• I will have to buy another set of wheels to hold the new tire. This is the problem. There is only one tire now made in that size (my current size) that has any speed rating. The original size was 185/60/14. I have had the car for 8 and a half years and it had 13's on it when I got it. I figure that I would go to the max size if i had to buy new wheels anyway. I still have to compare prices and that will not happen until i wear the present set out.
  • sandman46sandman46 Posts: 1,798
    Tundradude, if I go from 185/65/14's to 195/60/14's will this be ok with no rubbing or bottoming out? According to my calculations, 185-195 and 65-60 should be about the same tire height in the wheel wells. Is this logic correct? Thanks for your help and happy new year from warm south florida.
  • enetheneth Posts: 285
    There's an amplifier inside the cassette deck, so yes, it will become warm with use.

    The Corolla is a small car - so you'll feel the bumps in the road more than with a larger car (but the Corolla is certainly not worst-in-class when it comes to ride - for that, try a Neon for comparison).
  • 185/60TR14 82T SL 420 A B
    185/65TR14 85T SL 420 A B
    185/70TR14 87T 420 A B
    195/60TR14 85T SL 420 A B
    195/65TR14 88T SL 420 A B

    http://www.tirerack.com/tires/Spec.jsp?make=Yokohama&model=Avid+T4

    This info above came from Tirerack. The 185/65 14 has the same # at 85 than the 195/60 14, but if you look at the webpage, the 185/65 14 falls between the 195/60 14 and the 195/65 14.

    I experience minor rubbing on dips in the road but I like the tire increase. It has not affected my speedometer. The 195/60 shouldn't affect the speedometer either and it will have no rubbing because of its lower diameter. I purchased the 195/65 because thats what they had in stock that particular day when I needed them.
  • sandman46sandman46 Posts: 1,798
    Did you notice any rubbing or bottoming out with the tire change you made on your Corolla? I'm thinking of going from 185/65/14's to 195/60/14's so your input would be very beneficial to me . Thanks in advance for your help. Tundradude has already been very helpful in this matter but your switch is more inline with what I'd like to do. Thanks again.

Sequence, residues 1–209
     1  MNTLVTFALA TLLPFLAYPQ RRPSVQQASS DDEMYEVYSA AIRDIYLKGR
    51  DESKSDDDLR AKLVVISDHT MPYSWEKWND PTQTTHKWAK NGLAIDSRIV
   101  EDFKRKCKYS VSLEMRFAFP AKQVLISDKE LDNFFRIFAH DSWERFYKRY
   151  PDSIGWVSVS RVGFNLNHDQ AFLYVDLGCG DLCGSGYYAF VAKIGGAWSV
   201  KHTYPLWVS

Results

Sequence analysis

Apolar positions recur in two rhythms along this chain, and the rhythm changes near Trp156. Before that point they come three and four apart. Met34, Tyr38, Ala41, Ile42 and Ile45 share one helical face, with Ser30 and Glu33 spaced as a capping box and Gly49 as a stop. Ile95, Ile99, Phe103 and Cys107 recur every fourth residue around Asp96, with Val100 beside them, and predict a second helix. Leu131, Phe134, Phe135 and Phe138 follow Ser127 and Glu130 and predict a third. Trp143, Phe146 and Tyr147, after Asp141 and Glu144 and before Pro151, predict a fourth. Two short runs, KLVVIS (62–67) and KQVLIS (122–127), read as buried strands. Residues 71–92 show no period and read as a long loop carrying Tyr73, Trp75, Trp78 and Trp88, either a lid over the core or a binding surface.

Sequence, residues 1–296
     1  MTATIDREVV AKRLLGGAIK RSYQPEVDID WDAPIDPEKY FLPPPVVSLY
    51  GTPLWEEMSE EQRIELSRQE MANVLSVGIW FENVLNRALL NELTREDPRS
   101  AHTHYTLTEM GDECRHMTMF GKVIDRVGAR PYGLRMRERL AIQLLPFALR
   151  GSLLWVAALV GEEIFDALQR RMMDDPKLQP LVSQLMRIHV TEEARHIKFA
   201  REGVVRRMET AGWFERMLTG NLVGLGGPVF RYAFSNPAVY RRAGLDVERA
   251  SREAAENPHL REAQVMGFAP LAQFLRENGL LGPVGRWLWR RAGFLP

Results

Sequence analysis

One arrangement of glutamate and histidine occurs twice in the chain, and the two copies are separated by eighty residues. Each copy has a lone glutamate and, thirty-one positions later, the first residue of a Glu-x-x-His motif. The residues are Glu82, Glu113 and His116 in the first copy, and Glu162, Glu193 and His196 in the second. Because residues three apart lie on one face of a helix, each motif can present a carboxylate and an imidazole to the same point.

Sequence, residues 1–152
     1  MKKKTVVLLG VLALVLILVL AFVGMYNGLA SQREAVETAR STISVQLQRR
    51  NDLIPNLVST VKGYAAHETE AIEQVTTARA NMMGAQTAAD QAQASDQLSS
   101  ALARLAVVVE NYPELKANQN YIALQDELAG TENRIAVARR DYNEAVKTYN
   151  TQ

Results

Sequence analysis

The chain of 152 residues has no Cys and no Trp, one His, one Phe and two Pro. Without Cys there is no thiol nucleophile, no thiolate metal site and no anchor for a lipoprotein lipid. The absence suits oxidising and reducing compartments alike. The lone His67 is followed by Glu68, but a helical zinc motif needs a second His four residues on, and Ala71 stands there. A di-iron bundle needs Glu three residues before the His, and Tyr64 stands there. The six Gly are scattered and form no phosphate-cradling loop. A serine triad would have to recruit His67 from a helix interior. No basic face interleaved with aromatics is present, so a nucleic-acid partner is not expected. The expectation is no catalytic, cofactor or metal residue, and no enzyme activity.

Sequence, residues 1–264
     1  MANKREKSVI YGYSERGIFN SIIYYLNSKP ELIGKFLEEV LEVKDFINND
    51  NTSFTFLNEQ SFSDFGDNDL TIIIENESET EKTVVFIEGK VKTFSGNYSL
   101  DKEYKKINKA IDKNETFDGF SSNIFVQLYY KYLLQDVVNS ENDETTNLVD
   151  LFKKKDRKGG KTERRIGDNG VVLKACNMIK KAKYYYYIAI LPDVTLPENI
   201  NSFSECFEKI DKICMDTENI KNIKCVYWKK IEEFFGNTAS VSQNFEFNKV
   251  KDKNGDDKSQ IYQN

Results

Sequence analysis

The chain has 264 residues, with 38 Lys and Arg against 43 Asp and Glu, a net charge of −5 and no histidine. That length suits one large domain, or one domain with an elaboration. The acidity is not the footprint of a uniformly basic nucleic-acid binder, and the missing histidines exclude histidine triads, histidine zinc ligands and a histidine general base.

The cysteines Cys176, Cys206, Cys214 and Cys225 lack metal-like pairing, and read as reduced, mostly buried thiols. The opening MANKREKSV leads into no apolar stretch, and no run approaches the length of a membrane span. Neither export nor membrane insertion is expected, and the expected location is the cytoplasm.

• dchinndchinn Posts: 64
    Correct me if I'm incorrect, As long as the height ratio of the tire remains the same, the speedometer is still accurate; e.g. 175x65x14 vs. 185x65x14 vs. 195x65x14. Speedo will change if one changes the ratio from a 185x65x14 to a 185x60x14.
  • that is correct, but halfsizes do not result into major speed changes, than say from 70 to a 60
  • nick29nick29 Posts: 19
    sandman46:The tires I installed 195 60R14 work great no bottoming out or rubbing. Ride is better swell as the improved appearance. The 60 series tires look more substantial and sportier.No worries,go for it!
  • I've had 195/50 15's on my 98 Corolla for a couple of years now. No bottoming or rubbing. The speedometer is still accurate because the increase in wheel diameter compensates for the lower profile tires. The switch really made my Corolla fun to drive, look better and become much more stable when driving against the wind.
  • There are three ways to get going when you're on a hill. Which method you use has a lot to do with how steep the hill is.

    1. If it's not too steep, simply slipping your foot from the brake to the accelerator is fine -- just be sure to give it enough gas so as not to stall (this will come to you very quickly, with practice).

    2. If the hill is relatively steep, you can keep the brake depressed with your heel while depressing the accelerator with your toe. This is known as "heel and toeing", and is used in double-clutching for high-speed driving in corners.

    3. If the hill is REALLY steep (say, San Francisco), using the handbrake is not a bad idea, although technique #2 will work well with a little practice.
  • Subaru has sold manual transmission cars with hill holder clutches in the past. They make a lot of sense and I'm not sure they haven't caught on with other car manufacturers. I saw an ad several years ago for a hill holder kit you can install after market, not sure if they still sell them.
  • canccanc Posts: 715
    I've seen a recent post in this forum about this woman complaining that her Toyota's transmission "sludged". Would anyone care to explain what a "sludgy" transmission would do?

    I've also read a post replying to this woman's comment, and said that it was due to improper warm-up of her car. Ok, what's a proper warm-up for the car? To me that means to not start the car and drive it immediately when it's -30 Celsius outside, but some of you might have different meanings of this.

    Thanks in advance!
  • canccanc Posts: 715
    Has anyone recently test driven a Corolla and a Civic? I've heard that the Corolla has a much better ride compared to the new Civic. The Corolla's suspension is smoother, the drive is also less noisy, etc. Any comments?
Sign In or Register to comment.